Researchers have focused on sex-specific genetic causes, particularly a specific gene variant, known as APOe4, which is found in about 20 per cent of the population. Men and women have about the same chances of carrying the gene, which produces a protein in the liver that transports cholesterol and fatty acids in the body. The risk is 10 times higher for those who have two copies of the gene.
But research suggests that the APOe4 gene confers its Alzheimer’s risk unevenly in women. A recent study led by Michael Greicius, medical director of Stanford Medical School’s Center for Memory Disorders, found that women with the APOe4 gene were twice as likely to get Alzheimer’s than women who did not carry the gene. Yet, the risk factor appeared to be little different between men who had the APOe4 gene and those who did not.
“We have now seen again and again that women that have [APOe4] have a much higher risk of getting Alzheimer’s than men of the same age who don’t have the gene,” said Walter. Rocca, professor of neurology and epidemiology at the Mayo Clinic in Rochester, Minnesota. He said it’s not fully understood why, but scientists suspect the APOe4 gene appears to interact with oestrogen to create the conditions that lead to Alzheimer’s.
Oestrogen’s role in Alzheimer’s still remains something of a mystery. The steroidal hormone, which is produced in a woman’s ovaries and adrenal glands, is mostly known for its critical role in promoting female sex characteristics and reproduction. But oestrogen also acts as a signalling molecule in genes, cells and organs. And it’s a critical regulator of metabolism in the female brain.
“I call oestrogen the Queen of Darwin,” said Roberta Diaz Brinton, a professor at the University of Southern California’s School of Pharmacy who helped organise the Alliance of Women in Alzheimer’s Researchers (AWARE), a professional interest group within the Alzheimer’s Association. She is pursuing clinical trials on a neurosteroid called allopregnanolone that holds promise for regenerating damaged brain tissue.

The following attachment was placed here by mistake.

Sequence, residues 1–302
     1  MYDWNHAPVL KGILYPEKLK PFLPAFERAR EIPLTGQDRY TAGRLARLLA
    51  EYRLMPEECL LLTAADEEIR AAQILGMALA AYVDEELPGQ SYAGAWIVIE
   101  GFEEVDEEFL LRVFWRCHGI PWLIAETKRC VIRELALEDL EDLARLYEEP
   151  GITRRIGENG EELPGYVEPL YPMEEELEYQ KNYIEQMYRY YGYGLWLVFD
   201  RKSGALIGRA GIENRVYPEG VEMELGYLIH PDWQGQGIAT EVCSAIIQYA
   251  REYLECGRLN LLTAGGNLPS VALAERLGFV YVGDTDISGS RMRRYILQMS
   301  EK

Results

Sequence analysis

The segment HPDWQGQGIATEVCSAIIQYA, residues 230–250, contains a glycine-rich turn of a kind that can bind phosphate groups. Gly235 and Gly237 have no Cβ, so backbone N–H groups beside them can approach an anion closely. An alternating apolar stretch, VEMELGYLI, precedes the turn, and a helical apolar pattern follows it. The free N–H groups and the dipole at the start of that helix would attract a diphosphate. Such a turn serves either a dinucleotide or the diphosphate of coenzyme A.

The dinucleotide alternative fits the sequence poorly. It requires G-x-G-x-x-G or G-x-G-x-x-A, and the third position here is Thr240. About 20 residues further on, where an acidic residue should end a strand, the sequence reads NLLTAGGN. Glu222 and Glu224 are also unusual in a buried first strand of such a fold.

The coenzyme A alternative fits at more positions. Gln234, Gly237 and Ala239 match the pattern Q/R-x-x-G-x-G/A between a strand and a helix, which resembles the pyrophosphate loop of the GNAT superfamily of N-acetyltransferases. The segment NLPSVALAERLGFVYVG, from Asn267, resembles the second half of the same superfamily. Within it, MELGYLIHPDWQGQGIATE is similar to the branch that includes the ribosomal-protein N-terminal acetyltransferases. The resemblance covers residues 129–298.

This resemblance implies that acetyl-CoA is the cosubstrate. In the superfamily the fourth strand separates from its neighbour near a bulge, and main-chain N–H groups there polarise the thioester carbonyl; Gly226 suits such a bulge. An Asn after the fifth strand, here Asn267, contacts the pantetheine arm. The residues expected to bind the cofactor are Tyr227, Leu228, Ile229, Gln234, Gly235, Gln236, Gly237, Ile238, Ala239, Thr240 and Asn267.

Brinton thinks the critical moment occurs after menopause, when a women’s oestrogen levels drop, triggering a cascading series of effects. Among them is a radical decline in the brain’s ability to burn glucose for energy. Without glucose as a source of fuel, the brain shifts to a backup energy system that burns ketone bodies, which are compounds produced from carbohydrates and fat in the liver.
The backup energy system keeps brain circuits running, but at a cost. It is not as efficient and creates byproducts that ultimately damage brain cells. Brinton said this is the same fuel system seen in Type II diabetes, which also is a risk factor for Alzheimer’s.
“It’s kind of like burning rubber tyres instead of propane,” said Suzanne Craft, a professor of gerontology and geriatric medicine at Wake Forest University’s School of Medicine and a founder of AWARE, whose research concerns the way problems with metabolism can damage the brain. “You’ll get heat, but you’ll get a lot of toxic byproducts as well.”
Oestrogen has been of interest to Alzheimer’s researchers. Initially, many scientists suspected that oestrogen, owing to its anti-inflammatory effects and other properties, might benefit brain health. Research also has found that the risks of dementia rise for women whose ovaries were removed.